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5 Tips To Convince Management to Embrace Work Flexibility

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Great strides have been made in work flexibility over the last decade. Every year, an increasing number of employees are given the opportunity to work outside a traditional office, set a more fluid schedule or change how and when they work in some other way to accommodate personal responsibilities and preferences.

Still, though nearly 9 million Americans telecommute to work at least half the time, it’s estimated that more than half the total workforce currently hold jobs that could be completed remotely. Despite research that shows telecommuters to be generally happier, more engaged and more productive than their onsite counterparts, corporate acceptance of work flexibility is still in its infancy. However, there are ways to advance the cause and gain the support of decision makers in your organization.

Collect relevant data

Numbers don’t lie, so when you make your case for introducing or expanding work flexibility in your organization, be sure to have data to back up your pitch. Include stats that highlight how your organization would benefit from work-flex policies:

Employee satisfaction and tenure. Flexible work policies signal a company’s trust and confidence in its employees, regardless of where or when they work. Flexibility combined with trust can increase satisfaction and loyalty and facilitate the retention of valuable employees.

Attrition expenses.

Improving retention minimizes the expenses associated with recruiting, hiring and training new employees. In addition, high turnover also means losing revenue when productivity dips. The longer employees stay with an organization, the more valuable they become in terms of knowledge, productivity and work quality.

Client satisfaction. Organizations that maintain a consistent workforce are better equipped to address and meet the needs of customers or clients. High employee turnover may lead to high client turnover if a lack of experience impairs client relations.

Make it universal

Recommend a policy that is inclusive. From the outset, flexible work options have been an accommodation, often for working mothers with young children. However, the future of flex-work should be focused on designing neutral programs that make flexibility the default rather than a privilege. Outline a program that is gender neutral and focuses on the work, not the reason. In doing so, you eliminate friction and dissatisfaction among employees who may feel resentment for not being allowed the same perks.

Point out the obvious

People already work flexibly and remotely, even if it’s not official, though this may be more prevalent in some organizations or professions than others. Employees check email before bed or take a project home to finish over a weekend. Those who tend to work independently may work remotely more often than others (think “knowledge workers”), but even professionals who work in teams (e.g., marketing, advertising, public relations) have tasks that can be completed off-site. Making it official with a formal work-flex policy establishes an organization’s commitment to its employees and their success.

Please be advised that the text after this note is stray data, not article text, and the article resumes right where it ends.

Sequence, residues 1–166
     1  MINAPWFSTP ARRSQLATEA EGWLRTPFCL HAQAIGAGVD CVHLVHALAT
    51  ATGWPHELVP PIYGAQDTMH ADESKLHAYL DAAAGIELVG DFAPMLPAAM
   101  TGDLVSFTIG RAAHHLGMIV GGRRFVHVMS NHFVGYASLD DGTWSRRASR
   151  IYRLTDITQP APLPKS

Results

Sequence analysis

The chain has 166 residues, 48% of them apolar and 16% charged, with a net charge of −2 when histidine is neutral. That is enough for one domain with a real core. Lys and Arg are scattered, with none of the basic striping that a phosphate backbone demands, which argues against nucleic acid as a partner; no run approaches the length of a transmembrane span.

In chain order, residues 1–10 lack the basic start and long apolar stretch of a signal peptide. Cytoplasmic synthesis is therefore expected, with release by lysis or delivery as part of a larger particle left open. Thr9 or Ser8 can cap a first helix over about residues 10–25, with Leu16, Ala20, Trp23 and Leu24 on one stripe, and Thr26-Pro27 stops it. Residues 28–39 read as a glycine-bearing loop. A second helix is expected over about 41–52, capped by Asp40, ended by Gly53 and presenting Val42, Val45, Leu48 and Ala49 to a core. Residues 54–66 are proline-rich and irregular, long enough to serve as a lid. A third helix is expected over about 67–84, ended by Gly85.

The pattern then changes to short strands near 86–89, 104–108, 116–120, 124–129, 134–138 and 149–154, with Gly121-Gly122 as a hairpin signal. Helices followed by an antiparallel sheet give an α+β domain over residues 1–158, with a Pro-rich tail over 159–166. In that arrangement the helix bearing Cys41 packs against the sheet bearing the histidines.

Acknowledge and accept millennial influence

Millennials are now the biggest generation in the workforce. Both male and female millennials say they want full, meaningful lives and careers. Millennials are now old enough to be assuming managerial and senior-level roles, so they will be the ones to push flexible work forward and dictate the ways technology will be used in the workplace.

A recent FlexJobs survey found that 84% of millennials want more work-life balance, 85% want to telecommute 100% of the time and 54% want to work a flexible or alternative schedule. Organizations are going to find that millennials will have an increasingly influential impact on how organizations approach work and the attitudes that govern how employee performance and productivity are measured.

Cherry pick the best of the best

In today’s fiercely competitive business world, it is imperative for organizations to attract top recruits who can help move a company forward; a formal work-flex policy can improve an organization’s recruitment efforts. Work flexibility, including remote work opportunities, allows for a borderless applicant search by tapping resources beyond city, state and national limits. A work-flex policy puts an organization’s recruitment efforts on a global stage and signals to applicants that it truly values and embraces the non-traditional options today’s job seekers prefer.

Getting an organization’s decision makers on board is just the first step. Hammering out a functional but flexible set of guidelines will require considerable time, communication and trial and error, but ultimately, it will be a win-win for the organization and its employees.

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About Us

Stacy LeFevre writes about work-from-home opportunities, current events and anything else she finds interesting or frustrating for, the online arm of A. J. Baron Communications.

A J Baron Communications has been in business since 1994. Over the last two decades, AJBC has evolved from providing virtual support services to small businesses and independent contractors to developing and executing internal research projects for companies of all sizes. AJBC also consults with organizations interested in starting or improving a telecommuting program and consumers seeking traditional work-from-home employment or legitimate paid survey opportunities. For more information about AJBC or work-from-home opportunities, follow us on Facebook, Twitter, LinkedIn and Pinterest or learn more here.

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